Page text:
• Ewoldsen, David R., and Nancy Rhodes. 2020. Media priming and accessibility. In Media effects: Advances in theory and research. 4th ed. Edited by Mary Beth Oliver, Arthur A. Raney, and Jennings Bryant, 83–99. New York: Routledge.

    This chapter reviews the key concept of accessibility of ideas and attitudes in memory and implications for influencing later thoughts and actions, in addition to providing an overview of media priming effects relevant to topics of violence, politics, stereotypes, and self-representation (avatars).

  • Herring, David R., Katherine R. White, Linsa N. Jabeen, et al. 2013. On the automatic activation of attitudes: A quarter century of evaluative priming research. Psychological Bulletin 139:1062–1089.

    DOI: 10.1037/a0031309

    This meta-analysis reviews a quarter century of studies of priming effects on judgements, from evaluative decisions to lexical decision tasks. Media primes are not discussed. However, primes are analyzed with regard to factors that describe the diversity of media primes, including repetition of the prime, verbal/nonverbal characteristics, and positive/negative valence.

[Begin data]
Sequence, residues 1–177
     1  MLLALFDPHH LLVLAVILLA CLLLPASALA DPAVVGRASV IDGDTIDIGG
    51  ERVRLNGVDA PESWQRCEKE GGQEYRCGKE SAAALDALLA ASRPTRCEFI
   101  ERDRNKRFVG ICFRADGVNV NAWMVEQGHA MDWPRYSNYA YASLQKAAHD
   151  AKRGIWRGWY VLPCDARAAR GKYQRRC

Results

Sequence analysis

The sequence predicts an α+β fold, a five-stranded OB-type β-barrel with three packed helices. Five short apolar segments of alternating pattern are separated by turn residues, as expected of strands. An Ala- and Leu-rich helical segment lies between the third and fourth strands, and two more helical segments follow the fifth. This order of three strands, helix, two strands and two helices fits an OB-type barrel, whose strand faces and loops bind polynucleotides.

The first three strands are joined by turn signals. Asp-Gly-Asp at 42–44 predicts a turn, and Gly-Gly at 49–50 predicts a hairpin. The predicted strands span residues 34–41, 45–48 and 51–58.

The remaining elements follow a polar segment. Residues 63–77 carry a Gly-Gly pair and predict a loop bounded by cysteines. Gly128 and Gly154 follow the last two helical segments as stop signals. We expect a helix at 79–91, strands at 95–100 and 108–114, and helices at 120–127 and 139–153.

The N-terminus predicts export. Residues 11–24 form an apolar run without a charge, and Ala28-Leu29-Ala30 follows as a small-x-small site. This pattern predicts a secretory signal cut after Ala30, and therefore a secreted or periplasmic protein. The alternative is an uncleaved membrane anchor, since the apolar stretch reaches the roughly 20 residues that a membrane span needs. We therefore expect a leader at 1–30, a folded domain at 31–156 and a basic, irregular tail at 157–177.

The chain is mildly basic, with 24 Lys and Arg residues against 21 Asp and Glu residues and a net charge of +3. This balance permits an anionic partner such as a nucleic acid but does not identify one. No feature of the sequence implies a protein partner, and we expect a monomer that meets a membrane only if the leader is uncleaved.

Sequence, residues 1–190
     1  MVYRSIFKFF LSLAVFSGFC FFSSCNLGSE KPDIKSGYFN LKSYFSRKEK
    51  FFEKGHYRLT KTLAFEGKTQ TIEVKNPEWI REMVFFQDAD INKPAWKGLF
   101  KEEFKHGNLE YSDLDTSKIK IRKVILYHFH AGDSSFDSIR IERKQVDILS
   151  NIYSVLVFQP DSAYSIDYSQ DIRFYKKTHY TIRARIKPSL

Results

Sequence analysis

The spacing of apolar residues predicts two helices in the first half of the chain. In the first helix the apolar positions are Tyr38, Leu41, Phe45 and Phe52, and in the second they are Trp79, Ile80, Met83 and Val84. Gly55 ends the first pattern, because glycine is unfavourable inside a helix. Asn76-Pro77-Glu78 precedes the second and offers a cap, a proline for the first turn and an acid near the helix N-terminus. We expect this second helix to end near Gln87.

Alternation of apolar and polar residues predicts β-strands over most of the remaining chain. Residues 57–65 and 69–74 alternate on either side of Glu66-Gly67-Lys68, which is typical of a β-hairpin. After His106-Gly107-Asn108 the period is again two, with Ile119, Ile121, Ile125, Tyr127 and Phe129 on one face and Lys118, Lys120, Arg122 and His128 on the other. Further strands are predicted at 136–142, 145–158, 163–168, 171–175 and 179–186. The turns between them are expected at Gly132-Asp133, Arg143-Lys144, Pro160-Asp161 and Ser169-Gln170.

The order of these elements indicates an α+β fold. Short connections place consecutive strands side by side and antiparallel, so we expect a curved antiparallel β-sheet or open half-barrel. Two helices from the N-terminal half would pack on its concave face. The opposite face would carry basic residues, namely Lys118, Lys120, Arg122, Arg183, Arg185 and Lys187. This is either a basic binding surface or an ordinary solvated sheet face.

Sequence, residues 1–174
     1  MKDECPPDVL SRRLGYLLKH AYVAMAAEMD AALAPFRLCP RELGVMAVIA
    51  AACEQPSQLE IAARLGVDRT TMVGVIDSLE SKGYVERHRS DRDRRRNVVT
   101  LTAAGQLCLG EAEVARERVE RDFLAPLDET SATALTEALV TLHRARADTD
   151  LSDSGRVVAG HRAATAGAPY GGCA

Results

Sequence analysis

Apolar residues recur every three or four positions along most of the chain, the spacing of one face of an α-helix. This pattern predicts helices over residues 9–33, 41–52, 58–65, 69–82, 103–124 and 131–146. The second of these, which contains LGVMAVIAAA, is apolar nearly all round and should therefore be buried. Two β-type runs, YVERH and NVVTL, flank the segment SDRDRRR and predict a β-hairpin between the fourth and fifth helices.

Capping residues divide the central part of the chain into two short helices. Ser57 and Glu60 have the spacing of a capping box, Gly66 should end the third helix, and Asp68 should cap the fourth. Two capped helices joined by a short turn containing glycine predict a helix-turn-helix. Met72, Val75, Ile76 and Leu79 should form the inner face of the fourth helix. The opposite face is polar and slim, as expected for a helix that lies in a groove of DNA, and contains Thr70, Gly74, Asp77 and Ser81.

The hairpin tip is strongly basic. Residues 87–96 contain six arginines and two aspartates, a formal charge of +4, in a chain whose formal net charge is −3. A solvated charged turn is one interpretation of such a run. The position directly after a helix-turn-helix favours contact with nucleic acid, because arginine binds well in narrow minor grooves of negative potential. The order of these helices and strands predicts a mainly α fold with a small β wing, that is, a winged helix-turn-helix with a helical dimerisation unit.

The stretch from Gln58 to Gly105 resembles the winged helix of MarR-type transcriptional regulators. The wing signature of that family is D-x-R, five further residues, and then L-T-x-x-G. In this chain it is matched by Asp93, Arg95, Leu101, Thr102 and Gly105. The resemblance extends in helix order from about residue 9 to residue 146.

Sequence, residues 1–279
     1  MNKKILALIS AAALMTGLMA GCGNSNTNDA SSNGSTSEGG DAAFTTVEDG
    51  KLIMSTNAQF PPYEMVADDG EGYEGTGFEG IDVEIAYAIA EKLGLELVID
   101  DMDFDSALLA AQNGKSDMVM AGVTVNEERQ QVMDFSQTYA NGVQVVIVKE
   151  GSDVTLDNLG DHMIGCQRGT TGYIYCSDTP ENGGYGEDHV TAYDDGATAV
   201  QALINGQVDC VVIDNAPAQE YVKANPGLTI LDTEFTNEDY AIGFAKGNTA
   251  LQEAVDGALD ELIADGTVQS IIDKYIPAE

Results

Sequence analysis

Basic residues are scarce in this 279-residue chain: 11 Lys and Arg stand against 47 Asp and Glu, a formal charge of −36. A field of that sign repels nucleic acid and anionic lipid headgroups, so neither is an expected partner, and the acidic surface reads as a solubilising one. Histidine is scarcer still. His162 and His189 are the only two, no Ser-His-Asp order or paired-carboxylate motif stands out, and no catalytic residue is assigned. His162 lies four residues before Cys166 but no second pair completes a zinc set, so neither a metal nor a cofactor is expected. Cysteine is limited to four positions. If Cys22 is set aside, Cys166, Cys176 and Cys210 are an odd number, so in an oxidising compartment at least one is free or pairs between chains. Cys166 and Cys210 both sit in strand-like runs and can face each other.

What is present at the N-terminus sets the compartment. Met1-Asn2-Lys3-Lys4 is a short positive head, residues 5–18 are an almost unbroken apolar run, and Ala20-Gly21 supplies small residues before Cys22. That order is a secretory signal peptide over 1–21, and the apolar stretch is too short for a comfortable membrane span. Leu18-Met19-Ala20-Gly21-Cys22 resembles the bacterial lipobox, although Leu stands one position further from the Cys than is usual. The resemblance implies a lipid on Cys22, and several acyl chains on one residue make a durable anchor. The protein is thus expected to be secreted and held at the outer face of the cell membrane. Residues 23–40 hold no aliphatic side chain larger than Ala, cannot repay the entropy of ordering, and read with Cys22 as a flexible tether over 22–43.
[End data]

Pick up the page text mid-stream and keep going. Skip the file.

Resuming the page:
• Higgins, E. Tory. 1996. Knowledge activation: Accessibility, applicability and salience. In Social psychology: Handbook of basic principles. Edited by E. Tory Higgins and Arie W. Kruglanski, 133–168. New York: Guilford.

    This chapter is an excellent primer on how we think memory is stored and retrieved, as well as how concepts are activated in memory and become more accessible, or “ready,” for use in later thoughts and actions. Key concepts often used to describe the priming process are expressly defined.